Category: single review


image.pngIt feels almost like getting the full set. I’ve recently had music in from both Tamsin Quin and Phil Cooper and as this little pop-folk triptych seem to swirl around in various matched and mixed combinations popping up on each others records or playing in each others bands, it seem entirely right that I have something in from Jamie too.

It’s always hard to make heartfelt music sound sincere, many artists, presumably with the best intentions, fail because they end up resorting to cliche or schmaltz or just suffer from not having a deft enough step to navigate such difficult territory. Jamie has always wandered such pathways with ease. A combination of clean-limbed but clever guitar work and a masterful choice of words deliver the perfect tones of raw honesty that such songs require,  and Thank You, Friend, like many of his songs, drips with exactly the right sentiment. You can fake many things in music, and indeed life, but sincerity is not one of them.

Blending pop accessibility with folk earnestness, intimacy with a universally relatable message, a hint of retreating darkness in a brightening future, a clever mix of dexterous playing with resonant weight,  Thank You, Friend is Jamie doing what he seems to do so  honestly, so exquisitely well, so charmingly and somehow, so effortlessly.

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11133786_10153234946553064_9116099339198896169_n-1Even though it is demonstrably not true, I have been tarred with a reputation for hating covers of songs and those who make them. But I will say that if you are going to attempt a song already in the popular canon, especially one as well known as this, then you need to be either breathing new life into it, giving it a new sonic space to exist in, new musical pastures to frolic in, or you need to be understanding of what makes the song live, its essence and pay tribute to that. And this rather masterful rendition of Crowded House’s most elegant opus (forget all that Weather With You nonsense, this is the real deal) is very much the latter, a tribute.

And who better to take on such a task? Phil always shared certain sonic DNA with Neil Finn, and Neil Finn sits at the right hand of Our Lord Mike Scott so already there is a certain pedigree at work here. I used to book both Phil, and Jamie R Hawkins who is the second vocal which you can hear adding some wonderful harmonic grace to the proceedings, and so even before things kick off the very notion of what is going on here is pretty exciting.

As I said, this is a very faithful rendition, but then again to me, and probably to Phil too, this is hallowed ground so why subvert it when you can pay tribute to it, and pay tribute it does. There is the same elegant dexterity to the guitar work and even without trying to sound like the great man himself, you notice that Phil has exactly the right voice for the job plus Jamie’s  added vocal weight is perfect. Succinct, spacious, eloquent, charming, just like the original.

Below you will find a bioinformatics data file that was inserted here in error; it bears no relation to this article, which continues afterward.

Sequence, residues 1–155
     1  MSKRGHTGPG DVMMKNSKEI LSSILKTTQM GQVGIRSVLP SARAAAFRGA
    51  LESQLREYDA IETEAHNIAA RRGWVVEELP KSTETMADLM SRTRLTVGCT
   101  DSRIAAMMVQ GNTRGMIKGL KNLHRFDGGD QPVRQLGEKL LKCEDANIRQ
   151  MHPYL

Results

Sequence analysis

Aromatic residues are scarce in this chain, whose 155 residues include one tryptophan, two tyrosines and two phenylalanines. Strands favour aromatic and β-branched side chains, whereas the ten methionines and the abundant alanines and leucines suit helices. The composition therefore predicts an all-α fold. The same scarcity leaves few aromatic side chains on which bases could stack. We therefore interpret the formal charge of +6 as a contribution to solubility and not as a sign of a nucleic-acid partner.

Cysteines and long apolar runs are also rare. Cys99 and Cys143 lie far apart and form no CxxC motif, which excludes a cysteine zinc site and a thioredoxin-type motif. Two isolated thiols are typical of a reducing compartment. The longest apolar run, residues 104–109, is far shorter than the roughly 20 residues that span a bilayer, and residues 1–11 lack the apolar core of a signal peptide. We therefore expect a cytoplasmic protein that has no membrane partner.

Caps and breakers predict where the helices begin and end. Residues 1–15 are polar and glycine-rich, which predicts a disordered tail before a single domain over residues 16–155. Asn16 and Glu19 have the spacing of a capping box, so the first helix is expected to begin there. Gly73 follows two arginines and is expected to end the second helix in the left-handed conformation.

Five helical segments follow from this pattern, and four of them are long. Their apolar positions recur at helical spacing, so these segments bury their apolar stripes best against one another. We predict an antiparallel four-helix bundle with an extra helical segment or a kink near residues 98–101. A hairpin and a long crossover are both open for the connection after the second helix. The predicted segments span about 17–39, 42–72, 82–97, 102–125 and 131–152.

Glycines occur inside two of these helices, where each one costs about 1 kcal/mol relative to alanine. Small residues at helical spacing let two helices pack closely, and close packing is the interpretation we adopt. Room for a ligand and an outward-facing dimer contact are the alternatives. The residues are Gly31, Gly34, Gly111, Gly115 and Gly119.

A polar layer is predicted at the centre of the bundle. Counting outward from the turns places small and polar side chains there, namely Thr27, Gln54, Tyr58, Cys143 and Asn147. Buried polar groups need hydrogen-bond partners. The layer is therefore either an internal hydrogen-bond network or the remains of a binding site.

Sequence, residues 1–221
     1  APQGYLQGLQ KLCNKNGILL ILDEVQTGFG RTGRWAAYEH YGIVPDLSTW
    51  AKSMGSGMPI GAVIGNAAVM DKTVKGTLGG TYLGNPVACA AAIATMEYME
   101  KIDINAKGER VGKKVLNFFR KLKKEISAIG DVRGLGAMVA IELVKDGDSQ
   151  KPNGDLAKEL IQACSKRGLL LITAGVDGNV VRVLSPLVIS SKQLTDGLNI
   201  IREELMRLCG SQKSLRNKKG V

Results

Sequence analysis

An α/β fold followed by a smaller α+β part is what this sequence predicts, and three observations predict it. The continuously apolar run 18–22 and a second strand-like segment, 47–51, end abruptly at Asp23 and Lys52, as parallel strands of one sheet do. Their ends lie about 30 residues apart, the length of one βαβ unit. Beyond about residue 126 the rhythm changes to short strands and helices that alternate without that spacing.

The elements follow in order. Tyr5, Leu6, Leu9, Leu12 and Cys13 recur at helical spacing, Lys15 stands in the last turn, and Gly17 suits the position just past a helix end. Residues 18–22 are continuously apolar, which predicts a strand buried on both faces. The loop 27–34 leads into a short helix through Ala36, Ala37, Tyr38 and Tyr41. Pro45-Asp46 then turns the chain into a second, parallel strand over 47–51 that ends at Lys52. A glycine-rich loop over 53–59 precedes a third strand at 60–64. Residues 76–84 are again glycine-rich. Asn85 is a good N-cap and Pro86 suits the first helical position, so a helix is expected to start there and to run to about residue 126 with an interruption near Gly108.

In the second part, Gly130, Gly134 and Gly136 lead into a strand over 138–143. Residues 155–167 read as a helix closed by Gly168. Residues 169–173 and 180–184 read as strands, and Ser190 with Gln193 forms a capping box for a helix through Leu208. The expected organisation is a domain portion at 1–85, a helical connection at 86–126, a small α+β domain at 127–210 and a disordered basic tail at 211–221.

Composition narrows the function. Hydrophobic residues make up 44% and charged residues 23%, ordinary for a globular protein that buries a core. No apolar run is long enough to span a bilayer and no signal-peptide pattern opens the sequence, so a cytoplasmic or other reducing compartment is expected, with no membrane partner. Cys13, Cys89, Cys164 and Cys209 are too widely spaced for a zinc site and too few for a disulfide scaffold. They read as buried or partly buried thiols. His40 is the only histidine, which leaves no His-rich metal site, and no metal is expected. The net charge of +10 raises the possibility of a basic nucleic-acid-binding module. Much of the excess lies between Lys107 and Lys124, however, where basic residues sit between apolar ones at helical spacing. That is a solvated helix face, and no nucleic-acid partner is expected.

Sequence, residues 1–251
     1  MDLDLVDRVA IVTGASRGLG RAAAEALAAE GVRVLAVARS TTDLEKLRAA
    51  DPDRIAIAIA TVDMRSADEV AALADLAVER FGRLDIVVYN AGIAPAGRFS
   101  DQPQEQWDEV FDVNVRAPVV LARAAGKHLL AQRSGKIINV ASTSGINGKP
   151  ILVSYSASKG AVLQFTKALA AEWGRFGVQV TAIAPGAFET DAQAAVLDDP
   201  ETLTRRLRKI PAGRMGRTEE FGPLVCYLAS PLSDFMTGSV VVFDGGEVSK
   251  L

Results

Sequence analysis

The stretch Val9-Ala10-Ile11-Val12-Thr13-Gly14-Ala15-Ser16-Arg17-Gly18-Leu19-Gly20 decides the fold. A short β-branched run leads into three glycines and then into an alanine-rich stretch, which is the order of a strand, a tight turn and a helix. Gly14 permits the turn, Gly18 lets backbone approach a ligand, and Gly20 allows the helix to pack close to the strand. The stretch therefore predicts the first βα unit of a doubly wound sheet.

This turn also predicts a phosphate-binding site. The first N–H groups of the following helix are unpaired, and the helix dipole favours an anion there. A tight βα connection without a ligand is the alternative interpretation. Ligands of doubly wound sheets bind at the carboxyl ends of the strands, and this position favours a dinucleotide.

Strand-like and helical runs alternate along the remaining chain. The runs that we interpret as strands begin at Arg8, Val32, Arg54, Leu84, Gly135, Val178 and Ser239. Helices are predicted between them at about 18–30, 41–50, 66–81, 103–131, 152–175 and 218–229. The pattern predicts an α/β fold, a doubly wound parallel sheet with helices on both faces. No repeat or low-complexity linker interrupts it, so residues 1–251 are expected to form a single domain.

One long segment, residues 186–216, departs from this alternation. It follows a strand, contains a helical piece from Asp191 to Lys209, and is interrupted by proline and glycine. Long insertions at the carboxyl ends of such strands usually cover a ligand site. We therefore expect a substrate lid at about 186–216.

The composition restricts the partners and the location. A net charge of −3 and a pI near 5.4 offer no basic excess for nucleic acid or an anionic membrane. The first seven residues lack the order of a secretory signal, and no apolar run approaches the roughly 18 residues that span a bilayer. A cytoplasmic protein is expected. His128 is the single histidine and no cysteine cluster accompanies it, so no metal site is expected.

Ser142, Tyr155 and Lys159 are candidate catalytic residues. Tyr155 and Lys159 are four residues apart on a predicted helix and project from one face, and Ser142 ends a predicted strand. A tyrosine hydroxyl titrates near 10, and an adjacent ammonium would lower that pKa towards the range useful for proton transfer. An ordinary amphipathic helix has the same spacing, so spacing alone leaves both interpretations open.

Not many cover versions live up to the standards set by the original, how could they, but I would say that when you set this next to that glorious single, there isn’t a lot of light shining through the gap and how could you ask for more than that? Okay, a Neil Finn house show, but until that happens…

 

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a1436536964_16.jpgLife. It’s a funny old business. One minute you are sat in the south of France drinking wine, sketching the surroundings, writing songs and soaking up the sun, the next you are in a Swindon recording studio putting down one of those songs, surrounded by some of the best musicians the region has to offer. Having submitted a song, this song in fact, to a competition called For The Song, things moved at quite a pace. The song was selected as the winner, then there have been recording sessions, live shows in two countries and now work on a full album is on the cards. All in just over a year. Tempus does indeed fugit!

And if Paul started the competition with a good song, he came out of the studio with a great track.  Like the story behind it, there is a natural momentum to the way it builds, from a spacious, acoustic indie-folk vibe to a roots pop-rock final destination, but does so by adding supple sonic layers and subtle musical textures almost without you noticing. And unusually for a song which starts in such understated territory there is an addictive beat right from the start, a beat that drives things on to their natural conclusion, infectious and energetic, allowing the instrumentation to deftly and quietly join the party, a guitar motif here, some extra percussion there, building vocal harmonies and shimmering peripheral sounds. Why be big when you can be clever?

It also paints some wonderful images lyrically, a reflective and poetic tale of living your life to the full, embracing what the world has to offer and filling your “eyes with amazing things.” And whilst the lyrics might be urging you to give new things a chance, nothing underlines the rewards of just saying yes to new things better than this songs back story.

68605259_1745210538955896_7744477048650858496_nIt’s always fascinating to track an artist’s evolution over a number of years and Tamsin Quin is someone who has followed a wonderful path as a musician, artist and performer. To be honest, it’s always been in her, even in the early days a certain charm and charisma, humour and confidence was obvious and the songs where always there, but like any journey it takes a while to bed in, get comfortable and develop that meaningful stride. Scandal is the sound of Tamsin Quin being…well, just more Tamsin Quin and its glorious.

Her songs have always featured the universal subjects of relationships, of love, loss and longing but have also always done so in a very mature way. Not for her the histrionics and drama that the pop world is filled with nor the cliche and bravado of the rock world, for though her music is best described as roots pop, it is the roots element which she leans toward lyrically. The music is accessible, pop aware and easy on the ear but lyrically she taps into older, more mature ways of discussing those subjects and Scandal is the perfect example of this old folk-wise head on young pop shoulders.